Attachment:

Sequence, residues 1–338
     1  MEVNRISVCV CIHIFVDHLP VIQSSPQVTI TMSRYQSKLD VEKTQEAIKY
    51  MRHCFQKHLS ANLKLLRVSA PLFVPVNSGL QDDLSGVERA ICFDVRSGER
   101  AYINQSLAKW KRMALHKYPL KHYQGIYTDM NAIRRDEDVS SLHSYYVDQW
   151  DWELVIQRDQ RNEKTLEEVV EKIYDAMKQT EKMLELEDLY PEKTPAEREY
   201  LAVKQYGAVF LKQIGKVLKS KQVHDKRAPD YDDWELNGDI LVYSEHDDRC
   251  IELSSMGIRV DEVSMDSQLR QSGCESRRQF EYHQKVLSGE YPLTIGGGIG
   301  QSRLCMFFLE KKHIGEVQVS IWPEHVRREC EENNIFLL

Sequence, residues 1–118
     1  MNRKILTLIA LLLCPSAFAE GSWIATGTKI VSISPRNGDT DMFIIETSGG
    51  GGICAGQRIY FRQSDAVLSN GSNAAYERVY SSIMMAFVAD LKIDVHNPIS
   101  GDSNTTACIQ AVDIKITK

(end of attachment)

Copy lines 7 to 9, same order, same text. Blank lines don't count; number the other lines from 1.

   251  IELSSMGIRV DEVSMDSQLR QSGCESRRQF EYHQKVLSGE YPLTIGGGIG
   301  QSRLCMFFLE KKHIGEVQVS IWPEHVRREC EENNIFLL

Sequence, residues 1–118